Cover Story: Searching for Sweet Auburn”
Will Auburn Avenue’s bold new future leave room for the street’s historic past?
Sweet Auburn is dead. Long live Sweet Auburn.
What may seem like contradiction is reality on Atlanta’s most historic street. After decades of decay, Auburn Avenue is a street of dreams again. The boulevard that birthed Martin Luther King Jr. and the modern Civil Rights Movement is overdue for its overhaul. The $98 million Atlanta streetcar promises new blood, new energy, and new money. But along one short stretch of those 2.7 miles of track lies plenty of ambivalence surrounding the coming change.
Most coverage about the streetcar has questioned the repeated delays, the ever-rising cost, and the likelihood that it will generate a Downtown renaissance. But it’s the potential cultural impact to Auburn Avenue that has driven my curiosity.
So I started a walking tour a couple of weeks ago. I didn’t go to the King National Historic Site, King’s birth home, or Ebenezer Baptist Church, where he shared the pulpit with his father during his final years. Instead, I stuck to the commercial heart of the historic district, between Courtland Street and Jackson Street, where the streetcar tracks angle south toward Edgewood Avenue.
The only guide I used to navigate was the thin line of compromise between revitalization and preservation.
I talked to people from different walks of life: mom-and-pop store owners, barbers, new-school entrepreneurs, maintenance men, old-school hustlers, a real estate developer, a former addict, an immigrant club owner, a ‘hood-famous rapper, an accidental museum curator. Some expressed hope; others, bitterness. But the one commonality they seem to share is a collective investment in the future of Auburn — even if they have different ideas about what it should look like.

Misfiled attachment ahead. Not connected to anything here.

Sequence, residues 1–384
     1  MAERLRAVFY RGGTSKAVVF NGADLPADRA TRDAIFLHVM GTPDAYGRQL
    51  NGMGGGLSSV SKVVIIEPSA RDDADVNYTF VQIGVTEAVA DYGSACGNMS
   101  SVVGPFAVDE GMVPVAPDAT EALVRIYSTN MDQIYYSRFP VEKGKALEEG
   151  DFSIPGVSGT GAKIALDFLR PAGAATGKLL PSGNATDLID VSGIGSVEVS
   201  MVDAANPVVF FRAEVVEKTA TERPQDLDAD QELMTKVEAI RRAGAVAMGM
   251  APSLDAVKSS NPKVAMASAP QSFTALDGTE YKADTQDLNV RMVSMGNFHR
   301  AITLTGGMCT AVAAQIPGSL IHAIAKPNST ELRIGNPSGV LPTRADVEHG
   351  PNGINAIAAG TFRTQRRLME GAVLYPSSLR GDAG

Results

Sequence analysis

“People get ready
There’s a train a-coming
Don’t need no baggage
You just get on board”
“People Get Ready,” Curtis Mayfield and the Impressions
A hundred years of history lurk on every corner of Auburn Avenue, waiting to be uncovered. My first stop isn’t actually on Auburn but just down the block at 54 Hilliard St., where the Madame C.J. Walker Museum is located. Proprietor Ricci de Forest has invited me to come hear about his plan to salvage some of the avenue’s cultural heritage.
For the past decade, he has operated his 30-year-old salon from the former location of the Madam C.J. Walker Beauty Shoppe, inside the Prince Hall Masons’ Grand Lodge. It was one of many beauty shops spawned by the early 20th-century hair care pioneer of the same name, who was believed to be America’s first self-made female millionaire when she died in 1919. According to de Forest, that’s not exactly true. Other black hair care pioneers achieved millionaire status first, including Annie Turnbo Malone, who educated Walker in the business. De Forest’s shop is full of artifacts from the era: turn-of-the-19th-century pressing combs and other tools of the trade fill glass cases alongside black-and-white photos of Walker, Malone, and other mavericks.
But that’s a whole other story.
I’m here today to hear de Forest’s plan to revive WERD, the country’s first black-owned and operated radio station.
“Auburn has no freaking flavor. It’s so sterile,” he says. “The thing I want for Auburn Avenue the most is for it to retain its flavor as it develops into what it’s going to be. I think music is the best way to do that.”